This Monday (4/25) is the feast day of St. Mark the Evangelist, the patron saint of Venice, whose symbol is a winged lion. Mark was born in the early 1st century and his family was prominent among the earliest Christians in Jerusalem. His uncle was St. Barnabas, who was St. Paul’s primary collaborator during his early missionary journeys. Mark was selected to join his uncle and Paul on their initial foray into Greece, to preach the Gospel to the pagans. But Mark quickly abandoned the work, returning to Jerusalem when the experience in Greece became difficult and dangerous. Eventually, he would become an assistant to St. Peter in Rome, and would compose the Gospel attributed to him based on the testimony of Peter. Under the care of Peter, Mark grew to be a resolute member of the early Church, and was sent by Peter to establish a Christian community in Alexandria (Egypt), which would be the first Church established in Africa, renown in the ancient world for its vibrancy and intense passion for true teaching about Jesus Christ.
St. John Henry Newman, in a sermon for the feast of St. Mark, remarks on the astonishing transformation of the evangelist from a weak disciple, who abandoned the mission at the first sign of trouble, to the founder of one of the most important communities in the ancient Church. Newman describes Mark’s upbringing, surrounded by pillars of the Church in Jerusalem. “Doubtless he had received a religious education; and, as being the friend of Apostles and in the bosom of the pure Church of Christ, he had the best models of sanctity before his eyes, the clearest teaching, the fullest influences of grace.” But when his faith and his capacity for obedience was tried, he became discouraged, and abandoned the work of evangelization. Newman compares the experience of St. Mark to the people of his own day in 19th century England, an ostensibly Christian country, where the Anglican Church (of which Newman was a member before his conversion) enjoyed peace, and the public order was secure. “Christians, such as Mark, will abound in a prosperous Church,” says Newman, “and, should trouble come, they will be unprepared for it.” Desirous to preserve their untroubled state, he argues, such Christians will compromise their faith in order to make peace with those who are hostile to authentic Church teaching, and will tend to resent those who seem to them excessive in their religious observance. Above all, writes Newman, they seek to avoid any experience of persecution for the faith.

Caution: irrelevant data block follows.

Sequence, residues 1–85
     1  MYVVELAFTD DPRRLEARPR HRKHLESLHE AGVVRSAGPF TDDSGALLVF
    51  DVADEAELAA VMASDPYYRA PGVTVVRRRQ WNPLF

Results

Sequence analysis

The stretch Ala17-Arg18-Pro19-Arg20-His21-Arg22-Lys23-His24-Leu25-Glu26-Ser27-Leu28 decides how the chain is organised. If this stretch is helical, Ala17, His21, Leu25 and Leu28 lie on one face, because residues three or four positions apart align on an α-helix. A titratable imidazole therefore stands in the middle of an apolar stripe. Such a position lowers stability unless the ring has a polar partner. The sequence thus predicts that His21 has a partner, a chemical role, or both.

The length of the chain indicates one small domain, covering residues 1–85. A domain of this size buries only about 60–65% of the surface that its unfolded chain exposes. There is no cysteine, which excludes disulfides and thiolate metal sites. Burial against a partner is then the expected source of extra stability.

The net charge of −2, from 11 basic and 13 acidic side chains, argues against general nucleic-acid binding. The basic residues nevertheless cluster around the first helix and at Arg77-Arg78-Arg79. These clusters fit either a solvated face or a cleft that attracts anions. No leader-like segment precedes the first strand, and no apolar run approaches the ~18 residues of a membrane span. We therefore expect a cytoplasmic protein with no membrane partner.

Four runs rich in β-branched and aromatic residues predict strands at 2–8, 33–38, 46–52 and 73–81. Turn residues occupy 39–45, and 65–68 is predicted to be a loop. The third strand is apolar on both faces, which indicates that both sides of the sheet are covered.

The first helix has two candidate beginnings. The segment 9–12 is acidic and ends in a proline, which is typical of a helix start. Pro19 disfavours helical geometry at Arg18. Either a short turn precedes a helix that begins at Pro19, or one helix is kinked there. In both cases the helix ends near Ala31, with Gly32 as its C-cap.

As distressing as persecution, or even strong cultural resistance, to our Catholic faith can be, Newman says that we should view it as a grace. Had St. Mark not had his own weakness exposed, he might have continued under the delusion of real fidelity. Without the chastisement of his failure, he would not have had the deep experience of conversion under the care of St. Peter, which transformed him and prepared him to be the first bishop of Africa – where even today the Faith is most vibrant despite persecutions. It’s easy for us to forget the great mercy God has shown us who have received baptism and a Catholic education, who live in a well-ordered society, and for whom it is easy to attend Mass and practice our religion without the threat of imprisonment or death. Says Newman: “Trials come when we forget mercies – to remind us of them, and to fit us to enjoy and use them suitably.” Many of the challenges we face today are due to mercies forgotten. We can no longer rely on the support and protection of those hard-won structures and institutions that were established to bolster the faith of American Catholics of yesteryear, and which we mostly took for granted. This is understandably a source of sadness and regret in many ways. But perhaps we might also see it as a mercy in disguise, and an opportunity to ask for the grace of personal conversion, which can turn even the lukewarm and the fainthearted into faithful lions like St. Mark.